KB Financial rights issue may raise up to $896 million

The owner of Korea's Kookmin Bank has set the first reference price for its upcoming rights offering at W37,250. Meanwhile, Golden Agri and Pacific Andes say their respective rights issues are oversubscribed.

KB Financial Group, the owner of Korea's Kookmin Bank, yesterday set the first reference price for its upcoming rights issue at W37,250 per share, which means the maximum it can raise from the fully-underwritten issue will be W1.12 trillion ($896 million at today's exchange rate.) The company said earlier this month that it would raise about W1 trillion from the share sale to existing investors.

That size was down from W2 trillion that the company had earlier indicated that it wanted to raise, based on information provided by investment banks that pitched for the mandate. According to media reports, the company has chosen to raise less than initially planned as its capital base has turned out to be stronger than expected.

The reference price is based on a pre-determined formula that takes into account the share price movement in the month leading up to yesterday's pricing date and then applies a 25% discount to whatever base price that yields. Because the share price has been on a steady uptrend since details of the rights issue was announced on July 10 - as of yesterday it had gained more than 13% - and the company is selling a set number of shares, the potential deal size has also increased.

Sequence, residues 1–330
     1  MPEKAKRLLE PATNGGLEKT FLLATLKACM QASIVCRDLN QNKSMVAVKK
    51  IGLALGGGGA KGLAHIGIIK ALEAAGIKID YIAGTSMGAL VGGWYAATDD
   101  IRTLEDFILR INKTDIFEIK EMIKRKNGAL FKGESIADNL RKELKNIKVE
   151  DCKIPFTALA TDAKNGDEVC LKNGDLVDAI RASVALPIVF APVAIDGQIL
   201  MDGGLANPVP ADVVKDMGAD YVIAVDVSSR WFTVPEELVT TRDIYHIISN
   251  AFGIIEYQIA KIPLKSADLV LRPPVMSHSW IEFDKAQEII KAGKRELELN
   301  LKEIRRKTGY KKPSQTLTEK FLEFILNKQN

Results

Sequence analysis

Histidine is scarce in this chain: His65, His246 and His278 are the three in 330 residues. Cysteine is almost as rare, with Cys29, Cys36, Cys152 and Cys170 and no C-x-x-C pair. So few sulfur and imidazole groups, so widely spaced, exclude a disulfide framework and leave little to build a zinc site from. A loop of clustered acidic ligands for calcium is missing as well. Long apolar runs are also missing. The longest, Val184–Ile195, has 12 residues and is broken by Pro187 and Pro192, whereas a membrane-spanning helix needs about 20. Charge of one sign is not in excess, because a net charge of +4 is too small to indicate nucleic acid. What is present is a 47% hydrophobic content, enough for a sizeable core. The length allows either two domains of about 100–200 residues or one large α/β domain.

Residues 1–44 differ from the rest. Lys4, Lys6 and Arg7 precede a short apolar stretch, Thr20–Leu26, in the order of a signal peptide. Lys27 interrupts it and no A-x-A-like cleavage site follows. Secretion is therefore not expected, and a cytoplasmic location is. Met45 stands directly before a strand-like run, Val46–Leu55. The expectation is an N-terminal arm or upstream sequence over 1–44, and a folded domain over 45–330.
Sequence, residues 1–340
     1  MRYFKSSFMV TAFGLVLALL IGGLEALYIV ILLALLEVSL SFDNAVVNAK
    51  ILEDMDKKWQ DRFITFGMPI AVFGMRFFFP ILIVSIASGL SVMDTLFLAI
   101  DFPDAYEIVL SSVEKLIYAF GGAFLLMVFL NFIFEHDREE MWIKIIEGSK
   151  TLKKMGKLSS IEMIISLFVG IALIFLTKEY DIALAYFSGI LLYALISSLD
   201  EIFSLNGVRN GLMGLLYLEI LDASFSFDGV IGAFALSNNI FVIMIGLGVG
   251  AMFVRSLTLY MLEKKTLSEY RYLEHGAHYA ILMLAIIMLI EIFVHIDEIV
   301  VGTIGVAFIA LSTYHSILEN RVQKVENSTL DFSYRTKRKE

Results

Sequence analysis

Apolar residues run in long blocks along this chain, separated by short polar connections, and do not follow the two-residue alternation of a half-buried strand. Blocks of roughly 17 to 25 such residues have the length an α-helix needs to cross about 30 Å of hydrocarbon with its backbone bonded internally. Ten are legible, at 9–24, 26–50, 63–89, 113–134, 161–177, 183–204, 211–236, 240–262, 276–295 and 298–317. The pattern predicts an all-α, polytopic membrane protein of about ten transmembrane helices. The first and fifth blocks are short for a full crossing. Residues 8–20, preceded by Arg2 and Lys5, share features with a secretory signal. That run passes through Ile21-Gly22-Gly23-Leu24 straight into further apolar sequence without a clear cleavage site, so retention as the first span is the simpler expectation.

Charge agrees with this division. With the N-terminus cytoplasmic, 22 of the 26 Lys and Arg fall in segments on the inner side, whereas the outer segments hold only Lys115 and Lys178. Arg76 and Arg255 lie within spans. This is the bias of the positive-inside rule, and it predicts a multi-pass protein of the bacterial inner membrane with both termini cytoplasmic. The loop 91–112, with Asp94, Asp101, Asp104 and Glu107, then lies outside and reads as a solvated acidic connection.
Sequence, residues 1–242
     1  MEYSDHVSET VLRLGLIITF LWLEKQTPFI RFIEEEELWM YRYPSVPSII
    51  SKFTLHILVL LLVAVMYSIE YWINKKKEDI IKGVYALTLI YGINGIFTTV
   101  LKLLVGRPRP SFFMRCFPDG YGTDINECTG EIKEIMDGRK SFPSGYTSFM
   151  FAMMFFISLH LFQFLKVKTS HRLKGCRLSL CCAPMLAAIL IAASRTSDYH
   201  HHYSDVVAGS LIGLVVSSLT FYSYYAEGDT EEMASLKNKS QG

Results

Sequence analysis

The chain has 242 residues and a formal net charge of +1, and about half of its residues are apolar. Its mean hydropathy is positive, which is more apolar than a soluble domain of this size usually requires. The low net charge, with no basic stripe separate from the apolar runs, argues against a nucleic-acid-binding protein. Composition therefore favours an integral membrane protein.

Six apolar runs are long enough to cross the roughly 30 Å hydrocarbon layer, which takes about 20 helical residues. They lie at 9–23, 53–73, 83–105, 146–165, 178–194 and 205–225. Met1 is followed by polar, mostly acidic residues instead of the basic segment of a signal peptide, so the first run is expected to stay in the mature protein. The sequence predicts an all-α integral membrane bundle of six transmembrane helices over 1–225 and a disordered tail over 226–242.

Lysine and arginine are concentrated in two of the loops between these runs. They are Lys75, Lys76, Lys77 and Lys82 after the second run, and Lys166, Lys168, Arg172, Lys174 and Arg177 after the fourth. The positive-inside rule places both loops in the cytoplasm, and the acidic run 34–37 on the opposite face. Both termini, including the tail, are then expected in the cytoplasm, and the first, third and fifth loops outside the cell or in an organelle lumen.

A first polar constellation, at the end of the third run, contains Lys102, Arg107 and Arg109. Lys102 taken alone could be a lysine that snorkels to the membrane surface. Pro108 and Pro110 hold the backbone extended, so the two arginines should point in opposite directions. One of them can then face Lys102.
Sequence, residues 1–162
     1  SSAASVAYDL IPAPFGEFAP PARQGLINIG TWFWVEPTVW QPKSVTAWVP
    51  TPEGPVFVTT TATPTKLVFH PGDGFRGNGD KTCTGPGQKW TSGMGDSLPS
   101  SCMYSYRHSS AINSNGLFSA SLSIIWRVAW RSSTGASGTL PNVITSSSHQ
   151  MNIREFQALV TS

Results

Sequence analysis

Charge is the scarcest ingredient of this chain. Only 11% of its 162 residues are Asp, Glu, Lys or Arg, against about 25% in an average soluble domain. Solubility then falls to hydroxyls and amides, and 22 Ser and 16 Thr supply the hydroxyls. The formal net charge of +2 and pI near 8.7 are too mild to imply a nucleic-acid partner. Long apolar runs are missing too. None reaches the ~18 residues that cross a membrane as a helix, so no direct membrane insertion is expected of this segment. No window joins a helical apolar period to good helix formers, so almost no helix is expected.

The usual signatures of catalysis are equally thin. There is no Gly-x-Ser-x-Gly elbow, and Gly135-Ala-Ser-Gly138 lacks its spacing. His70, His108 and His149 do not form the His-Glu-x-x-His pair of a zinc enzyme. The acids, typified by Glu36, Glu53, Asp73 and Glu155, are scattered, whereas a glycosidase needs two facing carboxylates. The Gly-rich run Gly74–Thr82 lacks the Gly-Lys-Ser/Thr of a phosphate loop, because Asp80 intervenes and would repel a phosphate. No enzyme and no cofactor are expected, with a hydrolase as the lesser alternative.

As with all Korean rights issues, a second reference price will be determined on August 21 and the lower of the two will then become the final rights issue price. This means that the underwriters of the deal are protected if the share price should slump in the period between the first and the second price and investors are also guaranteed that the discount applied to the rights issue will be set against a price that is fairly close to the market price just before the subscription opens.

The fact that the discount to the base price would be 25% was announced earlier this month, together with the other details of the deal. The first reference price translates into a 30% discount versus yesterday's closing price of W53,200.

KB Financial, which is still commonly referred to as Kookmin, will offer 30 million new shares, or 8.4% of the company's outstanding share capital, on the basis of 0.07768392 rights share for every one existing share. Investors can choose to buy either ordinary shares or American depositary shares listed in the US.